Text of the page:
This July, the European Maccabiah Games were held in Vienna, marking the first time that Jewish athletes from dozens of nations competed on a territory of former Nazi Germany. It’s a fitting moment to celebrate a group of exceptional Jewish girls who were exultant champions over 70 years ago as Hitler’s reign approached. They were the Hakoah Vienna women’s swim team, a group of athletes whose sports prowess was equaled by their political courage. My mother, too, was a girl in Vienna during these years, and my grandfather a Hakoah soccer player.
Inspired by the swimmers’ story, which I initially learned of from Yaron Zilberman’s 2004 film documentary, “Watermarks,” I interviewed some of the “Hakoah Girls” in Vienna, London and the United States. In their eighties and nineties, these remarkable women were still vital and energetic, sharing details from their iconic girlhoods as though little time had passed.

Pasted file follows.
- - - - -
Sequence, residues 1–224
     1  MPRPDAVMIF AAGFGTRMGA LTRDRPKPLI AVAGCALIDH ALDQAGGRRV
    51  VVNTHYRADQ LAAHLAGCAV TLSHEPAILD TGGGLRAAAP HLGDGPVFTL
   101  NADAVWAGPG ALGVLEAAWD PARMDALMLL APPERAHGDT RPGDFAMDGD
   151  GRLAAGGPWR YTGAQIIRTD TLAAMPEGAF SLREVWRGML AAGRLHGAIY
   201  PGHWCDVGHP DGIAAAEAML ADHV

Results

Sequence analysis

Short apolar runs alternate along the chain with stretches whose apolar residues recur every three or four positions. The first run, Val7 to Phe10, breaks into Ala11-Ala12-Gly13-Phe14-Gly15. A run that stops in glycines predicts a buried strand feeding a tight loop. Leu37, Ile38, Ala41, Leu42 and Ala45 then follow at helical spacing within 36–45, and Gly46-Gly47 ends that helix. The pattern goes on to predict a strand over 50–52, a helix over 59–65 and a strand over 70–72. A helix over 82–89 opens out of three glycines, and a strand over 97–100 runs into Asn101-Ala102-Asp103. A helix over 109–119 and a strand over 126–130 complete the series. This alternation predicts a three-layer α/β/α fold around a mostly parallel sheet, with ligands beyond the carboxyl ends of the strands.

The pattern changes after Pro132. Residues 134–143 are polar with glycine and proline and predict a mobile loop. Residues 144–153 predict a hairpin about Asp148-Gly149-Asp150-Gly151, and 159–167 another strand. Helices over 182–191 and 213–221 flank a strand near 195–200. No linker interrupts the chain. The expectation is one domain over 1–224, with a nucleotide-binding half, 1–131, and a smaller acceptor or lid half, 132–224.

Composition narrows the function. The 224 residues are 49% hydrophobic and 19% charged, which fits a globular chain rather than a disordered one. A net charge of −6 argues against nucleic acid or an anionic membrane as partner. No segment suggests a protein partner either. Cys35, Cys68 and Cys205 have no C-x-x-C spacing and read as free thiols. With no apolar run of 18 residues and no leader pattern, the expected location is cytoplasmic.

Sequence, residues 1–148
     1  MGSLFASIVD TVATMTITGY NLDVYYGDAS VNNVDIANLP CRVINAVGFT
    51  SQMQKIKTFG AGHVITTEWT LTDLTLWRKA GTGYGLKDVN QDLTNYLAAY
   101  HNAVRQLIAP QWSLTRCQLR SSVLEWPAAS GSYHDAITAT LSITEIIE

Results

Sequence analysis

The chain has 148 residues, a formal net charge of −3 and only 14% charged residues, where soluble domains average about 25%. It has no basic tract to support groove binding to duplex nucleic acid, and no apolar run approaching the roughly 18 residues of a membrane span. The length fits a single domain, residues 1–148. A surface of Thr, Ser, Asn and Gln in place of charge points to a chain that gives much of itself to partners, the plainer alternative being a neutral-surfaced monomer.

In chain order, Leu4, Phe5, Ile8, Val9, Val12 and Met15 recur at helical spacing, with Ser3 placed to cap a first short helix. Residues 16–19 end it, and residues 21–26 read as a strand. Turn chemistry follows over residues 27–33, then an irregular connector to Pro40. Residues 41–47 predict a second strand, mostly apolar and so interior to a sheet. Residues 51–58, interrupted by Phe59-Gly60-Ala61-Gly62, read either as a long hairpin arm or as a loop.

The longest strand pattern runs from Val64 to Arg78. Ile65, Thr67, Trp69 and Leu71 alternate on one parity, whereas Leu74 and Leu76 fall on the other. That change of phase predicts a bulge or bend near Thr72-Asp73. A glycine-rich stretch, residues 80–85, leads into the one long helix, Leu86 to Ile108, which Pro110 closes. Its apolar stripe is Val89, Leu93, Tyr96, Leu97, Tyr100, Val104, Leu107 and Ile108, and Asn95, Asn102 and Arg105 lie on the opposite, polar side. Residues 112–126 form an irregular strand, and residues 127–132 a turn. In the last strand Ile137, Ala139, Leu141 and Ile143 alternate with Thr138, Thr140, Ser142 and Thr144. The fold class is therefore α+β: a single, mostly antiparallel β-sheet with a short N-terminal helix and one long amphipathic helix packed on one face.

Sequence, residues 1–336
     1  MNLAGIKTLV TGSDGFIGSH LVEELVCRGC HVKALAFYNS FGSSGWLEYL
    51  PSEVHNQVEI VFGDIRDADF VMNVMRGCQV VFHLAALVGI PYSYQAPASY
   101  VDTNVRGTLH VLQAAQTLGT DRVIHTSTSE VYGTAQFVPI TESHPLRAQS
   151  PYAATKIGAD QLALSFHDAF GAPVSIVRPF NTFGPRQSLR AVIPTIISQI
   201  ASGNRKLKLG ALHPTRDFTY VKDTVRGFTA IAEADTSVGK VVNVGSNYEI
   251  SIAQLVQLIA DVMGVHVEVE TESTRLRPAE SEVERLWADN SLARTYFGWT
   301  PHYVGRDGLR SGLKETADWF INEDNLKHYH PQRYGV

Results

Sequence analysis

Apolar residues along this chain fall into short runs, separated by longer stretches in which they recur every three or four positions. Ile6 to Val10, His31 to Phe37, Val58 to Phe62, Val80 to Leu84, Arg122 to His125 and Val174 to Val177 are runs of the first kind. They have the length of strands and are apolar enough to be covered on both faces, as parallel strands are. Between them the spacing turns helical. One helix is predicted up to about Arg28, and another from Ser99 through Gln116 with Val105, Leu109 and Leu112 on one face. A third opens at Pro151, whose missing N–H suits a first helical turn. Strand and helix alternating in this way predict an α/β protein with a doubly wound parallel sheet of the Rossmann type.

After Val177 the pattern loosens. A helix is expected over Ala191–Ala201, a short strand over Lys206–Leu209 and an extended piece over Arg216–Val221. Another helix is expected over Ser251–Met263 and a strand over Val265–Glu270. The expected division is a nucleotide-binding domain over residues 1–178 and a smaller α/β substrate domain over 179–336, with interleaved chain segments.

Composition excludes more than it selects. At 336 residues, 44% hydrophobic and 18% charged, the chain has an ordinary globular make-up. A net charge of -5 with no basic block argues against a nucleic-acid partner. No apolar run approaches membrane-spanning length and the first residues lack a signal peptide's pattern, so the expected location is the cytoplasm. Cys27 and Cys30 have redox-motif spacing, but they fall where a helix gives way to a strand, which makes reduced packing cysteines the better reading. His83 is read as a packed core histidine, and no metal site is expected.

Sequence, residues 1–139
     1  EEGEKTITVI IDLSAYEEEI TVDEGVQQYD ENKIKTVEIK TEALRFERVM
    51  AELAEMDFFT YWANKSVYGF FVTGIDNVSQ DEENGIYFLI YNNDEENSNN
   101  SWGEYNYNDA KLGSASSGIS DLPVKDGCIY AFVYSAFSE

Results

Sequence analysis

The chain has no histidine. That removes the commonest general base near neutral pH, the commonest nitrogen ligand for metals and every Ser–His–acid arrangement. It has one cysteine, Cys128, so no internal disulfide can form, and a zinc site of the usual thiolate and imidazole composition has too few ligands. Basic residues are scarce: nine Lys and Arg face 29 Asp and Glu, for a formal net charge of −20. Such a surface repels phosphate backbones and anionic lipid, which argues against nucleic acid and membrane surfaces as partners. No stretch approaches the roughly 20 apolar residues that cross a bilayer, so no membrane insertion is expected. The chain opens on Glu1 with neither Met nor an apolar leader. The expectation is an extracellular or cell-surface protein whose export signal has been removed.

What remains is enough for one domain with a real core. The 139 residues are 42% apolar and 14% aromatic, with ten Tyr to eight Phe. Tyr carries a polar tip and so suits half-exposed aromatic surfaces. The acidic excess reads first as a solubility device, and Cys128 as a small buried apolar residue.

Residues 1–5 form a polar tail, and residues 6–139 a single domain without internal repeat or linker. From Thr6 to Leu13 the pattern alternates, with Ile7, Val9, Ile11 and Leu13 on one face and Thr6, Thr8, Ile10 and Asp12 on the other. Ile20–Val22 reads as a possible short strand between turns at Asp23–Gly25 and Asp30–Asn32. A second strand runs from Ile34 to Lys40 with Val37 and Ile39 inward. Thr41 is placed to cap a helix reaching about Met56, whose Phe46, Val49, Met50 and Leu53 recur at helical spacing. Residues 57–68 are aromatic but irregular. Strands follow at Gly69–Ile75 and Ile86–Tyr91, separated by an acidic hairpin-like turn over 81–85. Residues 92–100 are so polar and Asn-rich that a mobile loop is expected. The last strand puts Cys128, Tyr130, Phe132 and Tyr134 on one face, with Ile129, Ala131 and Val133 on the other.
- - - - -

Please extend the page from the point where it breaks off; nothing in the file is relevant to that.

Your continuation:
Their story begins in 1924, when 15-year-old Hedy Bienenfeld dove into the Danube canal and breast-stroked to first place in the annual, five-mile Quer durch Wien [“Across Vienna”] as half a million spectators watched from the river banks. Exercise — for amusement and for the sake of one’s health — had become very fashionable, and swimming was one of Austria’s favorite sports. Unlike other athletic events, the open-air race down the Danube had no entrance requirements; anyone, even Jews, could compete. When precocious Hedy secured second place the following year, and teammate Fritzi Loewy free-styled to first, the Hakoah swimmers became players in the close, competitive world of Viennese sports.